Is the Women's Health Program Dead?
The WHP is a Medicaid-waiver program that offers low-income and uninsured women who wouldn't otherwise be eligible for Medicaid, unless pregnant, an opportunity to receive preventative health and family planning care. The program, devised by lawmakers in 2005, was conceived as a way to save the state money and to prevent unwanted pregnancies. It has so far done just that: In calendar year 2009, according to the Health and Human Services Commission, the program averted 10,300 Medicaid-paid births, saving the state roughly $46 million in all funds. Indeed, the program is paid for by a 90-10 match from the feds – that is, for every $1 the state kicks in, the feds throw in $9. In other words, it's a great deal for Texas – especially when you consider that more than half of all Texas births are paid for by Medicaid; in 2009 alone that cost the state nearly $3 billion.
But the future of the program is now in jeopardy. At issue is new language crafted to eliminate Planned Parenthood from providing any WHP services. This is no small issue, given that in 2008 PP was the single largest provider of WHP services. But because some PP clinics provide legally-protected abortion services – though none with tax money – lawmakers directed HHSC to ask the feds to reauthorize the program, but with new language that redefines the word "affiliate" in an effort to squeeze PP out of the loop. Because the WHP is a waiver program it is up to the feds to consider whether the language fits with legal restrictions for funding under Title XIX, which funds Medicaid.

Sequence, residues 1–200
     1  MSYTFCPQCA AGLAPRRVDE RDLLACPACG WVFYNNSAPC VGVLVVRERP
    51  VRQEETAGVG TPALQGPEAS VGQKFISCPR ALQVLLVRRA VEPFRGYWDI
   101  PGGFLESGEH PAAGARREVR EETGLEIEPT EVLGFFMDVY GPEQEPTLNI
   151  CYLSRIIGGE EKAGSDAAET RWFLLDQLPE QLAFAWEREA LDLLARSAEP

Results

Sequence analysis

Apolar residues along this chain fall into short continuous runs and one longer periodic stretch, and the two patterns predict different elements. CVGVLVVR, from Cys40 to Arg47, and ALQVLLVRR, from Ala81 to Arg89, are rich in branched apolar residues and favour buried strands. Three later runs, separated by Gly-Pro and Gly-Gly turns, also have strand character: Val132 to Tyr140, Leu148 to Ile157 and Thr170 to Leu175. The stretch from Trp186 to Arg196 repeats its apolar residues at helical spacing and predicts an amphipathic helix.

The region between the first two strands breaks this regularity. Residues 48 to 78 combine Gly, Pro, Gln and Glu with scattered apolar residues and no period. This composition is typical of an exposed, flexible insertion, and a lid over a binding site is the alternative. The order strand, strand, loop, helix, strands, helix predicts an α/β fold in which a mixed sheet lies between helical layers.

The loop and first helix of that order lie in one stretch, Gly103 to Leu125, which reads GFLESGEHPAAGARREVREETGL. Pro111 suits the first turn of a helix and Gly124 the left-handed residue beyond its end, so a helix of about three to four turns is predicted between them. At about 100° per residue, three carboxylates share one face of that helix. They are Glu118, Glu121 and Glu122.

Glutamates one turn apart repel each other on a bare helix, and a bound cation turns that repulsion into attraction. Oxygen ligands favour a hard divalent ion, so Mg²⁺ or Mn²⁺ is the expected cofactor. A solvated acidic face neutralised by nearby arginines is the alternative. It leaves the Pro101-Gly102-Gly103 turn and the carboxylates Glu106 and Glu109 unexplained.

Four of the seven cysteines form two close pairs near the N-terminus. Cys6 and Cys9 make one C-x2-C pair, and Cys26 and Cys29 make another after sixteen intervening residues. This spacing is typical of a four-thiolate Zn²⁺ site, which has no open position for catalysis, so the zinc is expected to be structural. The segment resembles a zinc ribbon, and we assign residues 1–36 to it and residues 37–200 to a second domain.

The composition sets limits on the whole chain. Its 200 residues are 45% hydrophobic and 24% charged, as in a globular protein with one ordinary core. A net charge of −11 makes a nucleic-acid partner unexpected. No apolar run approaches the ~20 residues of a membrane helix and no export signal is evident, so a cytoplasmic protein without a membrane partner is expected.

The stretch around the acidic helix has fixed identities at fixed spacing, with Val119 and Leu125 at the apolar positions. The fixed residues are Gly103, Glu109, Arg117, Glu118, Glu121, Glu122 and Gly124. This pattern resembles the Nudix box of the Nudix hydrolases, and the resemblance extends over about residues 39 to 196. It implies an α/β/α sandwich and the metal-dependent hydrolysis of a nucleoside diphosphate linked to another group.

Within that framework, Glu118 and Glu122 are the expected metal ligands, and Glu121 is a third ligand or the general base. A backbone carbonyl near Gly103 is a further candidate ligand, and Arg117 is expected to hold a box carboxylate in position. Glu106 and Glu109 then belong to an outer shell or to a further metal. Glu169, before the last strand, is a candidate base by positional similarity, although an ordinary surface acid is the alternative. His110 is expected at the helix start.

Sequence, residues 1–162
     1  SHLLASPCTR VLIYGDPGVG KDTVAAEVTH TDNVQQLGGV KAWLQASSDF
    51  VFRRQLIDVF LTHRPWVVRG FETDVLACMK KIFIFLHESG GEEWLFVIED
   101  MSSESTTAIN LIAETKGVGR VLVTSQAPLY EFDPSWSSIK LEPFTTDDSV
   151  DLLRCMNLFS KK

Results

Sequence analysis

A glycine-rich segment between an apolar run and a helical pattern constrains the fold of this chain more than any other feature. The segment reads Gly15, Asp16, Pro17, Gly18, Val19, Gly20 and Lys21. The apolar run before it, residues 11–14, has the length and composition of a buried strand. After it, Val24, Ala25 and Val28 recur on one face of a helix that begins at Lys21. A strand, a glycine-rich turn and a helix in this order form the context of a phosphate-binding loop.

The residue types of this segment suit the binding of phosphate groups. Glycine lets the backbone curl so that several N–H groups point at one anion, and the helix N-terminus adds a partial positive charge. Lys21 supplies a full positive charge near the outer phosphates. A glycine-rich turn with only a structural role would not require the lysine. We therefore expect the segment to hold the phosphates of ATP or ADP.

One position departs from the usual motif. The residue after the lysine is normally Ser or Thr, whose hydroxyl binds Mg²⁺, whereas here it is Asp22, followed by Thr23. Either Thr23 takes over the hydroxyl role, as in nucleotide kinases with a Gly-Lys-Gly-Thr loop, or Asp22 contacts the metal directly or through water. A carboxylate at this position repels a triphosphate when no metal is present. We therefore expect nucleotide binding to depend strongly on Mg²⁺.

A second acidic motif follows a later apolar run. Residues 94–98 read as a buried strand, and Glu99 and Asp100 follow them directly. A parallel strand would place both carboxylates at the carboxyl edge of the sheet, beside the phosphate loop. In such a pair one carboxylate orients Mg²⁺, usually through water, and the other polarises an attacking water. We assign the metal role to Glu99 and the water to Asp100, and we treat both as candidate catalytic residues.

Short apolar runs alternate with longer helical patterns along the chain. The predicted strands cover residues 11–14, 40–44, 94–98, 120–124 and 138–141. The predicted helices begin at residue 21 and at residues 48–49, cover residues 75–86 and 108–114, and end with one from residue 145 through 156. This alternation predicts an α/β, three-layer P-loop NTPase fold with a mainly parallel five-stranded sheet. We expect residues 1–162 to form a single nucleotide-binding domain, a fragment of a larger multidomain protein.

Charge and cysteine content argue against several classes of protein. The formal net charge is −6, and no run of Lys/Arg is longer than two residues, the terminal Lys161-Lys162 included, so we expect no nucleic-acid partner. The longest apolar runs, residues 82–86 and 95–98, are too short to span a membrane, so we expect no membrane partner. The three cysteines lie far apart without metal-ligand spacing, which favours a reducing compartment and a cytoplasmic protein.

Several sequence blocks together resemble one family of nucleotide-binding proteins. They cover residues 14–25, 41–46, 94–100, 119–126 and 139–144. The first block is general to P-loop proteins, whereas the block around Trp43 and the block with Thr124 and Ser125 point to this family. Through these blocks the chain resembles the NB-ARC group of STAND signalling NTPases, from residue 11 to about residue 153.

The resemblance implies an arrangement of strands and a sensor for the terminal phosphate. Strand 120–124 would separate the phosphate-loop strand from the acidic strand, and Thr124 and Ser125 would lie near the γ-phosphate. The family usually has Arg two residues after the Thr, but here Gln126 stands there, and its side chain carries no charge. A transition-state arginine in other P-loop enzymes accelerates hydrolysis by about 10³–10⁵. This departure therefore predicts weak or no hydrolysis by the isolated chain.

The prevailing wisdom has been that targeting a specific provider – in this case PP – from participation would not pass legal muster. Indeed, in the Jan. 12 letter, CMS concludes that the new "affiliate" language does just that. The feds "will not approve the State's request for authority to deviate from the requirements of [Medicaid] in order to restrict beneficiary choice of family planning providers," CMS Director Cindy Mann wrote. Indeed, although the initial WHP waiver contained a provision excluding abortion providers from participation, that measure was never enforced as a wedge to exclude PP from participation. In rewriting the waiver application this Spring, and at the behest of a number of GOP officials – including, notably, Sen. Robert Deuell, R-Greenville – the language was strengthened to make it as clear as possible that women in the program would not be allowed to choose PP as a healthcare provider.
Seeing the WHP crash and burn would not be good for Texas women. With draconian cuts to the state's family planning budget, the WHP was seen by many as a light in an otherwise bleak landscape – a potential way for women cut from services because of the gutting of the family planning program to obtain much needed services, including screenings for cancers and access to birth control.
According to the CMS letter, the agency remains open to working with Texas to ensure that the WHP will be renewed, and has agreed to allow the program to continue through the end of March 2012 – it was set to expire, pending renewal, on Dec. 31; whether Texas will be willing to compromise on language in order to see the program live on is unclear. In a statement issued Monday, Gov. Rick Perry didn't exactly set that as a priority, and instead re-urged the state's position – that by denying women access to their choice of health care providers, the state is actually protecting unborn children. "We are committed to protecting life in Texas, and state law prohibits giving state dollars to abortion providers and affiliates – a fact the Obama Administration ignores," he said. "I strongly urge the administration to do the right thing and grant this waiver, so Texas women can access critical preventative health services, including breast and cervical cancer screenings, rather than making them pay the price for its pro-abortion agenda."